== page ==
Wednesday, April 4, 2012

Couponing: How to get Started Part II

So in Part I we talked about where to find coupons and how to get them, and today we're going to discuss where to put ALL of those coupons!  There are many ways you can store your coupons so I will discuss the pros and cons of each way, and then you can choose what will work best for you.  There's nothing saying that you won't be able to change your mind later if your first organization choice doesn't work out for you.  So let's dive in and see some of the ways you can organize your coupons.

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  • The Envelope Method - This method involves multiple envelopes and clipping all the coupons from the weekly newspaper (plus the other sources of coupons).  Each envelope will be labeled for the type of coupons you will be storing in there.  For example, you would have an envelope for dairy, meats, pet foods, household items, personal care, etc.  However many categories you want to break your coupons into would be how many envelopes you would need.
    • Pros - Very inexpensive, easy to carry, sorted by category
    • Cons - Not very durable, cannot see all of the individual coupons (you'd have to thumb through them each time you were looking for a coupon), and you have to clip all of your coupons.
  • The Box Method - This method is similar to the Envelope Method, only instead of envelopes you use cardboard separators (or whatever type) in a box.  You would have a box large enough to make your different categories (meat, dairy, personal care, etc.) and then you would clip your coupons and file them in the appropriate category.
    • Pros - Inexpensive, easy to store, sorted by category, large enough to store your store coupon policies
    • Cons - Bulky, cannot see all of the individual coupons, and you have to clip all our your coupons.
  • The Accordion File Method I - The first way you can go about this method is similar to the envelope system, only your coupons are all in one file system.  They have different slots for each "category" of coupons and some even come with a zippered pocket. (This is the method that I will be starting to replace my old method).  You can either clip ALL of your coupons and file into a file folder like this, OR you can clip the coupons you printed, ordered from a clipping service, or those stray coupons your receive in the mail.  If you elect not to clip the coupons from the newspaper (until the time they are needed), then you will need a separate file folder to store your coupon inserts.  Many people will use the larger (8.5"x11") accordion file folders and separate their weekly inserts that way, my purse just happens to have a laptop sleeve in it that I have been using to store my inserts.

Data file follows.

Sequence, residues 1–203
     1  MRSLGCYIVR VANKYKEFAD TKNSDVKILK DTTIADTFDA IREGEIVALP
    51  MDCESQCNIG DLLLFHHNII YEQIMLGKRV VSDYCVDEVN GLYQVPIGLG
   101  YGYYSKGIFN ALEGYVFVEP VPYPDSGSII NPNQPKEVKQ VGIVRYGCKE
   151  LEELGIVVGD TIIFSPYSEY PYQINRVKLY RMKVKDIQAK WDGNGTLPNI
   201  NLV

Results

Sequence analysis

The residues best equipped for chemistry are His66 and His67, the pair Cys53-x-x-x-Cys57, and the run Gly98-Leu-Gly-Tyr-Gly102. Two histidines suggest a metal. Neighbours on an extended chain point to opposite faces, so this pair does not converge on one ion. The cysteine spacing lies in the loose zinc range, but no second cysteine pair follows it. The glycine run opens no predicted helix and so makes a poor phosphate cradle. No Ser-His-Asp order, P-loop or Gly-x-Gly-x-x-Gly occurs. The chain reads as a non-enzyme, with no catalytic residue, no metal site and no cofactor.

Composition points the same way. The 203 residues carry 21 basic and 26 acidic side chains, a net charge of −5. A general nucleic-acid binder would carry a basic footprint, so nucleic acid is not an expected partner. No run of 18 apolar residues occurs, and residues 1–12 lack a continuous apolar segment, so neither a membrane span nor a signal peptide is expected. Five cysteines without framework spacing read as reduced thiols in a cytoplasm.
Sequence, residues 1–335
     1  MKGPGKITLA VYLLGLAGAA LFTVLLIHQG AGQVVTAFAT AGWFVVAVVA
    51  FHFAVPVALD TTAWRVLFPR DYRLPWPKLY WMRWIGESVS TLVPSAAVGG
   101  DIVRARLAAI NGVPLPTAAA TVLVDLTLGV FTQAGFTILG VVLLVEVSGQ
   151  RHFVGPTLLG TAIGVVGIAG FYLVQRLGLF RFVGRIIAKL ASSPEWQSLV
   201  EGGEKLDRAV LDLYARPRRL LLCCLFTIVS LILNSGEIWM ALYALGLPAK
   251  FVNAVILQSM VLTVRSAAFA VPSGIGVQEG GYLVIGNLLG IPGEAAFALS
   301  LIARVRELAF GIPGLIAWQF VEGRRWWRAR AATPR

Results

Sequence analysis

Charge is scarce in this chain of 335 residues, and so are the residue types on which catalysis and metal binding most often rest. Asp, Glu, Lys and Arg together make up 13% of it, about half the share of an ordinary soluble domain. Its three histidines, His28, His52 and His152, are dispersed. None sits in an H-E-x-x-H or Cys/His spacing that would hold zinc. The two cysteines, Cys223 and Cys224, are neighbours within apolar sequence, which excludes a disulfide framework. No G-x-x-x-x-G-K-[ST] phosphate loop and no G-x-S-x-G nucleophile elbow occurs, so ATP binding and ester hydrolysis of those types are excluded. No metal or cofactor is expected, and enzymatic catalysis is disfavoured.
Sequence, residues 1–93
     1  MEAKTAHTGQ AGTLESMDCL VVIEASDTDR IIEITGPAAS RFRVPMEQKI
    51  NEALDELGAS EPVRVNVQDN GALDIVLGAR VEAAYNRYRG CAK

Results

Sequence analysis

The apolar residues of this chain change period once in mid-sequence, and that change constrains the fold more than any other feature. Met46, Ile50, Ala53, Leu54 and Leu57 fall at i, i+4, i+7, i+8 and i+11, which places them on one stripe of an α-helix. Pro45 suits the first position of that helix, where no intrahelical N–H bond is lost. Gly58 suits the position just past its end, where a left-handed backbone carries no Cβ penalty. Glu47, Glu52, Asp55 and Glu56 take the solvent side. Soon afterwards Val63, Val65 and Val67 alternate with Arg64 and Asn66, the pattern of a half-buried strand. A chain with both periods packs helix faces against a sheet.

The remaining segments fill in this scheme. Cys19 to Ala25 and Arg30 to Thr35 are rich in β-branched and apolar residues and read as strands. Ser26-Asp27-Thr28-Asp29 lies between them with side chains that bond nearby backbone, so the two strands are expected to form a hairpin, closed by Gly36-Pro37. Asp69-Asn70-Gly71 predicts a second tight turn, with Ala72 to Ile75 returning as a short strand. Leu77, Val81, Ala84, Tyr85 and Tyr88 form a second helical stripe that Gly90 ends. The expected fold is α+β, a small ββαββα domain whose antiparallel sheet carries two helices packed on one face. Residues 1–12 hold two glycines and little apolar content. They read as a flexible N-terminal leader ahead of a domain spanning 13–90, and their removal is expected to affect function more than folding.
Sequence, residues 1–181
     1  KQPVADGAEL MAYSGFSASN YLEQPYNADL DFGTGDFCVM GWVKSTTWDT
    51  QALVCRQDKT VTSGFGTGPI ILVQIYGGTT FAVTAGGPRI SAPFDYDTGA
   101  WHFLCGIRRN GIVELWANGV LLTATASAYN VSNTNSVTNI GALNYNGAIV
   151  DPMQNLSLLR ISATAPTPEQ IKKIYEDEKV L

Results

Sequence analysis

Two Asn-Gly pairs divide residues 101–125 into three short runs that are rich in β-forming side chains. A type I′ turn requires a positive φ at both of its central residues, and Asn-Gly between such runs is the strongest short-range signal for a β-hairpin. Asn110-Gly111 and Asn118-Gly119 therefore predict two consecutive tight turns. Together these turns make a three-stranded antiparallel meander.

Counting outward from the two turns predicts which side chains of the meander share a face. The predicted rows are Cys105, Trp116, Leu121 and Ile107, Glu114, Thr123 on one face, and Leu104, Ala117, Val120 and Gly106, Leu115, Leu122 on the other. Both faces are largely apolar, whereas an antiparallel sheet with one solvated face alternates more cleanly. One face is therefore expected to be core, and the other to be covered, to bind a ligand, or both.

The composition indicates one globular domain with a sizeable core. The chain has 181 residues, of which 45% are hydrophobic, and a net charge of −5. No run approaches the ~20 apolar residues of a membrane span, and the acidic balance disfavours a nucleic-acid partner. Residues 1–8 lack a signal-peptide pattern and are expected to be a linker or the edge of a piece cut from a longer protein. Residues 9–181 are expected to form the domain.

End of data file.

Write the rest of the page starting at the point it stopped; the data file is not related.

•  Pros - Inexpensive, easy to carry, has slots for multiple categories of coupons
    • Cons - Will have to flip through coupons to find which one you need and there is no real place to put your store coupon policy's.
  • The Accordion File Method II - The second way is using the larger (8.5"x11") file folder and using it to store your weekly coupon inserts, and printed coupons.  You can sort your inserts based on month or week, depending on how large your file folder is.  This was the first method I used when I started couponing heavily.  Many people who clip coupons on a need to clip basis use this system, or one similar.  The inserts are sorted and then all you have to do is look up (in a coupon database) which insert the coupon is located in, and then look through that specific insert.
    • Pros - Inexpensive, easy to carry, has slots for multiple categories of coupons, has a large enough slot to store coupon policies.
    • Cons - no real place to put scissors, pens, or a calculator; slots too large for clipped coupons...may slide through the bottom or get "lost" inside of the file folder

  • The Binder Method - This method involves using a 1", 2", 3", zippered or non-zippered binder.  With the binder you use dividers to separate your categories, and then baseball card inserts.  These inserts can be be 1 slot (full page), 3 slots, 6 slots, or 9 slots depending on how many coupons you want per page.  This method is very user friendly when it comes time to find what you coupon you want because all you have to do is flip to that category.  Also, it comes in very handy when you spot an unadvertised sale or clearance items.  This method does involve clipping all coupons and storing them in their specified category.
    • Pros - Easily accessible to coupons, can buy a pouch for 3 ring binder to store calculator and scissors, large enough to store your store's coupon policy.
    • Cons - Can be expensive to start, uses a lot of time to keep organized and filled
Okay, so that was a pretty long winded spiel about some of the different methods of organizing your coupons.  I encourage you to decide on what you think will be easiest for you.  There is nothing saying you can't start at a cheaper way and work your way up to something else.  Also, for those of you who will be using the Binder Method, you don't have to buy everything at once.  Just get enough coupon sleeves to start you out and then start adding to it when you have more available money from all of your grocery savings!  You can also check out my previous post here about Coupon Organization.

Be on the lookout for Part III where we will discuss the best way to use your coupons and get the most bang for your buck!

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